One of the best choices I ever made, as a reader, was to ditch the idea that reading for fun and reading for knowledge were somehow two separate beasts. Not only does that fallacy imply that you can’t learn anything from pulp fiction or summertime reading, but it raises another BS idea: that reading something to learn can’t be fun. Learning should be fun, or at least not onerous. The struggle to comprehend complex ideas, by the way, should not be described as “onerous.” Frustrating, heartbreaking, soul-rending…but not onerous. Maybe it’s a subtle distinction.
Anyway, ever since I managed to integrate those false distinctions in my mind, I’ve been able to wander afield in my reading and enjoy where I am taken. In the last couple of weeks, I’ve managed to plow through the last couple of Orson Scott Card’s Shadow books, Edward Humes’ excellent Monkey Girl (a report on the 2005 Dover trial on intelligent design), Charles Pierce’s Idiot America, Jonathan Carroll’s The Ghost in Love, a re-read of Dean Koontz’s Odd Thomas books, and am now partway through the latest Jack Reacher novel and the true focus of my reading efforts, Dan Simmons’ The Terror. I’ve been very lucky that I’ve had the time to do this, because I tend to get swamped in projects and my reading suffers. Fortunately, I still read pretty fast when I get the chance.
As much as I have a point, it’s this: Read widely when you do, but feel free to follow your interests and don’t be afraid to step outside them. In discussions with other writers, I often find that there is an idea of what writers should read that is taken for granted, writers—and to a lesser extent, specific books—that serve as the touchstone for the writing experience. This is particularly common among MFA veterans. What amuses me about this idea, besides what I’ve come to see as its basic wrongness, is that there is rarely any specific agreement about who should belong to this august group. Some people say Shakespeare, some will say Joyce, while others will argue for O’Connor and Faulkner. Avant-gardes might argue for Lance Olsen or Kathy Acker; the old school avant-gardes (now there’s a contradiction in terms) may go straight for Burroughs. Really, you could stick in any names from lit courses all over the world, and they’d all be equally right and equally mistaken.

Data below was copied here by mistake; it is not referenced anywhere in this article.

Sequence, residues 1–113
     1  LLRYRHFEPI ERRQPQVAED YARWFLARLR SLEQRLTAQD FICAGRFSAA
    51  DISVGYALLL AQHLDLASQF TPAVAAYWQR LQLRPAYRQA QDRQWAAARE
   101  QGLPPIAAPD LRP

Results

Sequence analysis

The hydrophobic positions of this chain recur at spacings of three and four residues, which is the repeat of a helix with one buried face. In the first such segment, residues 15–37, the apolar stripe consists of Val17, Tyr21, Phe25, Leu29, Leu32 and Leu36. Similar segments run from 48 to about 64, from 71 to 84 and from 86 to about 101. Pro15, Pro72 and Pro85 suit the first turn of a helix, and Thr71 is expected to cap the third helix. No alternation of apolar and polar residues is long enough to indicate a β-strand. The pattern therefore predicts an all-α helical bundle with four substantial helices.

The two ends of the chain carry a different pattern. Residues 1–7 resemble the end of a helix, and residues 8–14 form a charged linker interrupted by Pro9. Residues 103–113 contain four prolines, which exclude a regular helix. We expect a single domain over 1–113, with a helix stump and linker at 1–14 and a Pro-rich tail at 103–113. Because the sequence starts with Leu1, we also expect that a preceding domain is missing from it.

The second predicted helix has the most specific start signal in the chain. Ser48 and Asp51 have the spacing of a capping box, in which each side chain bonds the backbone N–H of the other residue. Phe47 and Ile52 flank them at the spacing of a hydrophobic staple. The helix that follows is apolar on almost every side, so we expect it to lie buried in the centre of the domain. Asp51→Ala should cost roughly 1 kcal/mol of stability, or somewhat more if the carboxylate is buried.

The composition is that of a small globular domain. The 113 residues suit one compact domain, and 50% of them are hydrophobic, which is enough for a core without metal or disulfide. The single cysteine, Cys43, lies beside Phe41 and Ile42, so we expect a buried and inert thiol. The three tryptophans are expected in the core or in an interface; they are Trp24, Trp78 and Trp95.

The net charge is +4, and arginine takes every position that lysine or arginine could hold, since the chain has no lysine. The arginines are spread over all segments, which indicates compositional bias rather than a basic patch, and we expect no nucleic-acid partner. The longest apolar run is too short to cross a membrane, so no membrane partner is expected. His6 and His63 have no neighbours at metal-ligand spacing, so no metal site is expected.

Who should you be reading? Well, you should be reading whoever can entertain you and teach you. Preferably at the same time, but if you can only get one, that’ll work. I prefer pure entertainment myself, but I’ll accept teaching. Want an example? OK, here’s one, along with a confession: I despise Ernest Hemingway. Can’t stand his stories, can’t stand his characters (with one exception), can’t stand the machismo that permeates every damn line of his work. And yet, I would cheerfully shoot anybody reading this if I could write like him. Every time I revisit one of his stories or books, I am astounded at how economical his prose is, how he sets up situations and character almost without seeming to, how he can sketch in a world in short, precise strokes. I could care less about his subjects, but how he goes about them is genius, and it’s Papa Hemingway I find myself using as a guide when I think about effective, passionate writing.
That doesn’t mean Hemingway’s the ne plus ultra of authors in my book, of course. There are many authors I admire, and whose work inspires me in some way or another. A short list would, in no particular order, consist of the following: Joseph Conrad, Ray Bradbury, Dan Simmons, William Golding, Christopher Moore, Terry Pratchett, Douglas Adams, Tom Holt, Larry Niven, Stephen King, Ursula K. LeGuin, Orson Scott Card, Annie Proulx, Sherman Alexie, Alan Moore, Carl Sagan, Isaac Asimov, Mary Roach, F. Paul Wilson, Flannery O’Connor, Neal Stephenson, Joe R. Lansdale, Terry Bisson, Clive Barker, Frank Herbert, David Morrell, Glen Cook, Jim Butcher, David Brin, Richard Rhodes, H.P. Lovecraft, Joseph Payne Brennan, Harlan Ellison, Harper Lee, Tabitha King, Tim O’Brien, Joe Haldeman, Chris Offutt, Andy Duncan, Ted Chiang and Janet Evanovich. Each and every one of these authors has given me entertainment, instruction or both through their work, and I have been lucky enough to discover them and scores more. I had to stop myself from listing even more authors, because hey, I did say “short list.”
Anyway, to return to my point. As writers, you must read; it doesn’t necessarily have to be a lot, but you’ll never get a full handle on how to write something unless you can understand how to read that same thing, and you’ll have to read to get that experience. No two ways about it. That’s about as close, I think, as you can get to an ironclad rule with writing. But, as long as you’re reading, don’t feel like you have to read certain authors. Read the ones I listed, toss them all and make your own list, pick and choose, mix and match. Your reading will serve your writing, and vice versa.